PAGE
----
China will continue to push for globalization, and multilateral talks and promotion of trade, as it marked the 15th anniversary of joining the World Trade Organization on Dec 11, according to Chinese trade officials and experts.
China must continue to support the organization, said Tu Xinquan, a professor at the University of International Business and Economics in Beijing.
WTO membership has significantly invigorated Chinese companies and the economy, with China making progress far greater than expected in the 15 years.
Since China joined the WTO as its 143rd member on Dec 11, 2001, it has grown into the world’s second-largest economy, while millions of its people have been lifted out of poverty thanks to the wide range of products it makes, from garments to bullet trains and industrial robots.
It will be critical for China to take practical measures to confront potential challenges caused by trade friction and rising protectionism, currency wars and capital outflow in 2017, said Zhang Yansheng, chief economist of the Beijing-based China Center for International Economic Exchange.
Zhang said factors such as the Brexit talks scheduled to start next year, new trade policies anticipated from US president-elect Donald Trump and different trade protectionism measures springing up in both developing and developed countries will all add to uncertainties for both Chinese and global economies next year.
Zhang Jianping, director of the research center for regional economic cooperation under the Ministry of Commerce, suggested China build up a global network of free trade areas to lower tariffs, while further opening up investment and services industries.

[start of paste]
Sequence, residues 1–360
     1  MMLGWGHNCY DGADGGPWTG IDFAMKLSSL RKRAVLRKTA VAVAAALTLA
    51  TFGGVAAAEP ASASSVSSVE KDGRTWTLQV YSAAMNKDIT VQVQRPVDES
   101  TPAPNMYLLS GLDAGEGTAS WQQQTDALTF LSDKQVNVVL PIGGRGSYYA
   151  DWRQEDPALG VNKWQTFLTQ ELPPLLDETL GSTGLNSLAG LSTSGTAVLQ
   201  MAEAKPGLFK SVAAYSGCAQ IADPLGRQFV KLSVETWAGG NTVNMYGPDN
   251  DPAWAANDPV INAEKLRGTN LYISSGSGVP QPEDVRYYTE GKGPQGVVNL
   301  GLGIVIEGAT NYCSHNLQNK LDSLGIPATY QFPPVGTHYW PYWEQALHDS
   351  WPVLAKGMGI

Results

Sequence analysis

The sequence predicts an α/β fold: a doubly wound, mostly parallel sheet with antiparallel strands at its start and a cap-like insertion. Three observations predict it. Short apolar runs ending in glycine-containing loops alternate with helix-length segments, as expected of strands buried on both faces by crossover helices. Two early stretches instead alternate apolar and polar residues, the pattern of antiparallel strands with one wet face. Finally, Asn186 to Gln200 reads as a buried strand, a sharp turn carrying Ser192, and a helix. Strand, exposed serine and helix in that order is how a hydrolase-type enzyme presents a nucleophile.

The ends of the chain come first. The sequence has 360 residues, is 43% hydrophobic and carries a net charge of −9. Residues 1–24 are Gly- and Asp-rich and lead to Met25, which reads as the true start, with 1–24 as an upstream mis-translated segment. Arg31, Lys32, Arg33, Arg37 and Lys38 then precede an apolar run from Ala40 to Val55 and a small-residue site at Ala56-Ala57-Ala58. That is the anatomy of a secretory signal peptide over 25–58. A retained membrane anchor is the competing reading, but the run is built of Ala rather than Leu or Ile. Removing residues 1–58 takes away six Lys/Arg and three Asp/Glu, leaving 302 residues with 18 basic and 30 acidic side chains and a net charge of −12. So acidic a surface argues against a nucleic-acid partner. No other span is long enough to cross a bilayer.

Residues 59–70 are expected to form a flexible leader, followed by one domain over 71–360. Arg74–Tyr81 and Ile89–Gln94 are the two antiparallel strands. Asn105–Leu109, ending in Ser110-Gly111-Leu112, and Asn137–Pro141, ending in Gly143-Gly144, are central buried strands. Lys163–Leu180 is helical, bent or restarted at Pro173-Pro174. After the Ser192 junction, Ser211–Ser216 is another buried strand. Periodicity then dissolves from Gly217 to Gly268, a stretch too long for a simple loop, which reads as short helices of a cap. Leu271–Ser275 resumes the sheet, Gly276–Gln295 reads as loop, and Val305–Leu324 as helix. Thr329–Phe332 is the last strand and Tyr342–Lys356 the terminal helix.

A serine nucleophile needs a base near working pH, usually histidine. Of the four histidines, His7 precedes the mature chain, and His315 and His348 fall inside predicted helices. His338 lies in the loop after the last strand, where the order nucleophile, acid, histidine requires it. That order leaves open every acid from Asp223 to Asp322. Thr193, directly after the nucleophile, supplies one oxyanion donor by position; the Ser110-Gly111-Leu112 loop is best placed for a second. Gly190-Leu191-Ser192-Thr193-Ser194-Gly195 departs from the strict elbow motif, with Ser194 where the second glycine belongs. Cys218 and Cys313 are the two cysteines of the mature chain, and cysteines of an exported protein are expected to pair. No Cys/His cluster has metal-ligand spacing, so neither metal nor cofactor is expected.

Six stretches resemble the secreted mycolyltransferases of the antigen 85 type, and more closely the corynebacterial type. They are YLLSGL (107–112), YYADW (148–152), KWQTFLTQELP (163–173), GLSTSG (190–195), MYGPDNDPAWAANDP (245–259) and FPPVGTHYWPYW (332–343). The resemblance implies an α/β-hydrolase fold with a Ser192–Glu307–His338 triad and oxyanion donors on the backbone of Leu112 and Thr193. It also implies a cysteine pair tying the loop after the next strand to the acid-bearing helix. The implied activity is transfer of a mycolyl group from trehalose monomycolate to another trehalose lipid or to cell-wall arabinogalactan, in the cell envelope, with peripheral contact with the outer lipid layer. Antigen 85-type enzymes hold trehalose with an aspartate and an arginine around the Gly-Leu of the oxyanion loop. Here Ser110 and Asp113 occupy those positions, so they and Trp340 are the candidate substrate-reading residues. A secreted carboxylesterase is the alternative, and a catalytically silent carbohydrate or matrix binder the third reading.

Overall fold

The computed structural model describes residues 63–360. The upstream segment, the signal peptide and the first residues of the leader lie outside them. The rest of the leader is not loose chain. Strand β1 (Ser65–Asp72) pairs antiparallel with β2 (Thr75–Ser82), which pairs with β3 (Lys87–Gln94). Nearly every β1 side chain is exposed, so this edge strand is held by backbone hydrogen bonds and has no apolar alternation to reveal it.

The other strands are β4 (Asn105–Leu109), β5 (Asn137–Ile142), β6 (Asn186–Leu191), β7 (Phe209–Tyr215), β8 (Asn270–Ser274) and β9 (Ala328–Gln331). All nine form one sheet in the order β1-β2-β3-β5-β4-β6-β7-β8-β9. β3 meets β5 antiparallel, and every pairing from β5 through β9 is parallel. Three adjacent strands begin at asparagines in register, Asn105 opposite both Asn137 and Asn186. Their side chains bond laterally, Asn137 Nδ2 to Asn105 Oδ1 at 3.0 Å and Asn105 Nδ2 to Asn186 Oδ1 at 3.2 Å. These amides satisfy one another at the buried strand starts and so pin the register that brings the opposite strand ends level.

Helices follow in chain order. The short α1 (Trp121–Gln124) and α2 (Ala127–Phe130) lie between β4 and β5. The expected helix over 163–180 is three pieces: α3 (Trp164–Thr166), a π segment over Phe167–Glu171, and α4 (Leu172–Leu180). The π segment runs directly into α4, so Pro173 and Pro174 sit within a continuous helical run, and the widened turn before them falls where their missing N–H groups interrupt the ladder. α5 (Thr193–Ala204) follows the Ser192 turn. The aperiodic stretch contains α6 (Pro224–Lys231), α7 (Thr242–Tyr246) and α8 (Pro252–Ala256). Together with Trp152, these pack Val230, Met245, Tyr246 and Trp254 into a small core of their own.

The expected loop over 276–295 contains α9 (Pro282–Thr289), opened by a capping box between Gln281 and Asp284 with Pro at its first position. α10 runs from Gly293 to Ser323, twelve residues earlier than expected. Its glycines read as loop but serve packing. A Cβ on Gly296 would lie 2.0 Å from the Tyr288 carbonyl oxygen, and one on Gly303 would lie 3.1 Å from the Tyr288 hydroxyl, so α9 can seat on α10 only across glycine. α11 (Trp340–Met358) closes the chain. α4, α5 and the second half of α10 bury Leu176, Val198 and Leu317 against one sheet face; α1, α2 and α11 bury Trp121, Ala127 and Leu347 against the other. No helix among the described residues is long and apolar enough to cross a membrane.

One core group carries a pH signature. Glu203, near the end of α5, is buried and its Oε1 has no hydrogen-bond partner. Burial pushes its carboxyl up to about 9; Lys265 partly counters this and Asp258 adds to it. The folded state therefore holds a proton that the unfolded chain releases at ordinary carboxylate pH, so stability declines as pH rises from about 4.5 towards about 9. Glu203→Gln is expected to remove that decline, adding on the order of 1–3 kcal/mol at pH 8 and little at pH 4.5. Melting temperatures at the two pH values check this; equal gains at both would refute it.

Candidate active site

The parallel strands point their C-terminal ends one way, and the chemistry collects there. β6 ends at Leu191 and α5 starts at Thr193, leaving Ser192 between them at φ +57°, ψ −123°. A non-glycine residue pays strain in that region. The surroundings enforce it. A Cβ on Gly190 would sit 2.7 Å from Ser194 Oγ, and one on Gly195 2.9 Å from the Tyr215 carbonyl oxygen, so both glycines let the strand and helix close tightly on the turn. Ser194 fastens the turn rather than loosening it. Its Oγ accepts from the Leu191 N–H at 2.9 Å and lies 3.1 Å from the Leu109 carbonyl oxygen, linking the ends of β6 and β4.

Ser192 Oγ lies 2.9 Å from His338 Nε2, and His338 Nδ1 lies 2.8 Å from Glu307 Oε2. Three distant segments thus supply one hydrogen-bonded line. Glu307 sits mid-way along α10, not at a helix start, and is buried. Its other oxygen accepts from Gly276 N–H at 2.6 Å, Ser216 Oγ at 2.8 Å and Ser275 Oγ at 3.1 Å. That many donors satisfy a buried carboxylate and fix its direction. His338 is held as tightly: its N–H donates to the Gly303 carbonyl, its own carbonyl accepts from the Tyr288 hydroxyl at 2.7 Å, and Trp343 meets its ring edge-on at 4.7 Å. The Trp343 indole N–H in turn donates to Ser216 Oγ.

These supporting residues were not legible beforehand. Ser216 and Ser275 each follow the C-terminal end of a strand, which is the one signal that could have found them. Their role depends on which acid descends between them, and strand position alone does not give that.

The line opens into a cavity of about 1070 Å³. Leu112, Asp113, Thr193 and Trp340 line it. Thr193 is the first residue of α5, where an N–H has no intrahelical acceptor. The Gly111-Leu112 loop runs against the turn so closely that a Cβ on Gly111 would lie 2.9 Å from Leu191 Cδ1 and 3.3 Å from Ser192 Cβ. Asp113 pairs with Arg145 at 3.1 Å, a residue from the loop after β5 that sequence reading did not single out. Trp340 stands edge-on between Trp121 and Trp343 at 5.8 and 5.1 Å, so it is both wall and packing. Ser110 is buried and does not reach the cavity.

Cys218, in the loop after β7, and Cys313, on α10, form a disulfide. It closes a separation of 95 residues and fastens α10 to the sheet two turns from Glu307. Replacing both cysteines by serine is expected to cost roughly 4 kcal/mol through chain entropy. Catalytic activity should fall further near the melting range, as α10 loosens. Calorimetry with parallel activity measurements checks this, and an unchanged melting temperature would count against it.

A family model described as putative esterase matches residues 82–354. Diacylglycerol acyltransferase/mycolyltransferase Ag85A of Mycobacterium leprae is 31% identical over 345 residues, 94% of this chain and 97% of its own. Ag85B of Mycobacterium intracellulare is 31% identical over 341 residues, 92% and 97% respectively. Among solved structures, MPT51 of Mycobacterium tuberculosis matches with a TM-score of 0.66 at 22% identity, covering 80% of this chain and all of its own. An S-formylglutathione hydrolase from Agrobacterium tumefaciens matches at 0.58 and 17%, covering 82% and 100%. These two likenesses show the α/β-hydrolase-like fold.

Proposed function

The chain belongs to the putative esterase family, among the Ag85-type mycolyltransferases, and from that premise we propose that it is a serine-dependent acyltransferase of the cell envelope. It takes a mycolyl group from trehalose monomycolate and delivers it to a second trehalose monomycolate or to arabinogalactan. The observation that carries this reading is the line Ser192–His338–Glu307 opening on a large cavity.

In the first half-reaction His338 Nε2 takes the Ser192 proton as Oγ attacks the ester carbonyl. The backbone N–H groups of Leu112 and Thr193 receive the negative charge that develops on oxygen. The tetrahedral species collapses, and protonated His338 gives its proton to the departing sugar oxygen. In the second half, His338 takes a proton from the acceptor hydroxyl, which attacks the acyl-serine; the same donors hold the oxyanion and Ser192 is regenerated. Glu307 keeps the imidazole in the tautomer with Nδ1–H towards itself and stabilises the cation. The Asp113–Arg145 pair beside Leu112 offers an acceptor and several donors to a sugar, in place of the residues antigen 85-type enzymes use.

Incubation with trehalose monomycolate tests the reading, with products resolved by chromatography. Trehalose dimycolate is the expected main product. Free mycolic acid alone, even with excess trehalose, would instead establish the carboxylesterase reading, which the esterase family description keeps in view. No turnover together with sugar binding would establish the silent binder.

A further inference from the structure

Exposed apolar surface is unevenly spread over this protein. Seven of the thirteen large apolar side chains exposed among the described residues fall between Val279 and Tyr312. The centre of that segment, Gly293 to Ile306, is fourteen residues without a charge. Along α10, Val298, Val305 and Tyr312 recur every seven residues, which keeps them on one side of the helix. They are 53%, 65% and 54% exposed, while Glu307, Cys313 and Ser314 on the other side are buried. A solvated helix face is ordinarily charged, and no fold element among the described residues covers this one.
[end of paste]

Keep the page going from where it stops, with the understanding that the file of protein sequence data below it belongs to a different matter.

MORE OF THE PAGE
Ministry of Commerce spokesman Shen Danyang said earlier in October that China will work with G20 members to jointly set up a global trade alert index, similar to various indexes being used in the financial industry, to further help companies avoid risk.
China has been the world’s biggest trader of goods by volume for three consecutive years. It has also become the largest trade partner of over 120 countries and regions, data from the Ministry of Commerce show.
The country shipped $2.28 trillion in goods to global markets in 2015, about 7.6 times higher than the volume in 2001. It bought $1.68 trillion in foreign products, an almost sixfold increase from 2001.
China will also urge more technical and financial assistance to less-developed economies, especially African and Pacific island states, Shen said.
As the world’s second biggest investor, the country’s outbound direct investment jumped 53.3 percent year-on-year to reach $145.96 billion in the January-October period this year, exceeding the country’s total ODI amount in 2015.